Organisation - November 4, 2009

Wageningen tenure track needs more carrot, less stick

Wageningen's tenure track system puts a heavy burden on future professors. It uses too much stick and not enough carrot.

The bar is too high for talents
Wageningen University makes excessively high demands of talented scientists who are being groomed for professorships. So says Kristine Kern, who teachers in the Environmental policy chair group. Kern went to school in Germany and comes from the University of Minnesota in the United States. In the course of her academic career, she has got to know the tenure track systems in the US, Canada, Sweden, Germany and Switzerland. Wageningen should have made use of the experiences in those countries, she thinks.
'The demands on assistant professors are very high', she says. In Minnesota there is a strict selection at the start of your career, but many assistant professors are taken on who do not have a PhD yet. To get a job in Wageningen you have to have published four to six articles in top journals. In the US and Canada they select the best, but don't put so much emphasis on publications.
Rewards
Once you're appointed, the tenure tracks in those countries are flexible, says Kern. 'Young researchers who manage to obtain a grant don't teach for six months or a year, and concentrate on publications. That sort of reward is absent from the Wageningen approach. Here, talented people have to deliver good teaching and good research, as well as obtaining research funding. There is no encouragement to develop according to your talent. In this sense, the Wageningen system works mainly with negative incentives.'
Not that postdocs overseas get jobs more easily, says Kern. The rule in American universities is that postdocs have to get jobs at other universities. The reputation of a university depends on the number of postdocs that get jobs elsewhere as assistant professors. And the other way round: the assistant professors you take on always come from outside. Often it is a board of external assessors who decide on the candidates. In Sweden candidates have to write an extensive paper. These procedures are a lot more transparent than Wageningen's internal procedure, Kern thinks.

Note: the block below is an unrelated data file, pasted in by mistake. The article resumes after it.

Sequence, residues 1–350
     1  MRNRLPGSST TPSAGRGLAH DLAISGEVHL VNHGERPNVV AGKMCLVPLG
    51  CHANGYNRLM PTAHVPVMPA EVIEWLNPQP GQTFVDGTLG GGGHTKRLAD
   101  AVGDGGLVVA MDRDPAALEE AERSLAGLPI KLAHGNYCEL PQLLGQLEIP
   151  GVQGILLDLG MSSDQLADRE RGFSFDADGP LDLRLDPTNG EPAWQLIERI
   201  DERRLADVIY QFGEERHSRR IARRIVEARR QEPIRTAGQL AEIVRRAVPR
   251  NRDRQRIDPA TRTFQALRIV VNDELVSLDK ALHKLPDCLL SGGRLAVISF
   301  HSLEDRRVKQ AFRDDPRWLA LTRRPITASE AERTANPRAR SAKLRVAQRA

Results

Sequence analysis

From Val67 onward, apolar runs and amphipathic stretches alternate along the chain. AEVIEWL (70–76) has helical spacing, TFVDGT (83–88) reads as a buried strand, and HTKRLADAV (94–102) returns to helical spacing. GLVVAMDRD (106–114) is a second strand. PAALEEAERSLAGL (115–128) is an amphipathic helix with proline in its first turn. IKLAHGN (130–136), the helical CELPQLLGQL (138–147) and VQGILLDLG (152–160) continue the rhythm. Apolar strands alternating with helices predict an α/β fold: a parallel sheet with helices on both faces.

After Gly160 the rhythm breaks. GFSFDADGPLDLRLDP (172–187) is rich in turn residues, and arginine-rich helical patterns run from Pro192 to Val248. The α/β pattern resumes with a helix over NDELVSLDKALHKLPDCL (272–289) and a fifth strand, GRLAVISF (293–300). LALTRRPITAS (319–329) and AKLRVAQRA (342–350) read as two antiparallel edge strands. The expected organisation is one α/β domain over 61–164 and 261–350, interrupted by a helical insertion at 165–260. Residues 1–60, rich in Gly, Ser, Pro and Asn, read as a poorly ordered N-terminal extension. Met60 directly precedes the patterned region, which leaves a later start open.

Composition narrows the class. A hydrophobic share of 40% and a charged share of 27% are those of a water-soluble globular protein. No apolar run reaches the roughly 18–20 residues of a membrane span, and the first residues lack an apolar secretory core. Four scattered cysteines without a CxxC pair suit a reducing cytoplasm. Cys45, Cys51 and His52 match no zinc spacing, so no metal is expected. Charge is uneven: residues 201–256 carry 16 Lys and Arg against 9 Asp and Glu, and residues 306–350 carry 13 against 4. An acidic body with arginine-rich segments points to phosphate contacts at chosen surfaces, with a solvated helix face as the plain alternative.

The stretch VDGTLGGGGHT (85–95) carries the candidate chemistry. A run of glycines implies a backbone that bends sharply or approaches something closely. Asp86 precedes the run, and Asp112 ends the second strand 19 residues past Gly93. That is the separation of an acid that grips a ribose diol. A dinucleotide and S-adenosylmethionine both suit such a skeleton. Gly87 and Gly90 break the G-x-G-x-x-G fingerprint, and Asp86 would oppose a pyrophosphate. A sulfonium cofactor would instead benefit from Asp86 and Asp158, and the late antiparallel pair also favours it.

Another plus 
Another positive point at foreign universities is that assistant professors have considerable freedom. They are not assigned to a chair group, as they are in Wageningen, but work independently with their own budget from the start. Germany and Switzerland have introduced this system in recent years, too. That freedom goes together with training in leadership, as a preparation for leading a research group.
Kern is not the only member of staff who feels the Wageningen criteria are very strict. 'I'm all for clear quality criteria. But the standard is so high that instead of encouraging talented researchers, you discourage them', says researcher Lourens Poorter of Forest ecology and management. 'Many professors don't meet the criteria. Many Wageningen research groups are doing extremely well, that was clear from last month's external visitation. And now we hear that most of the people who are responsible for those good grades are not good enough.'

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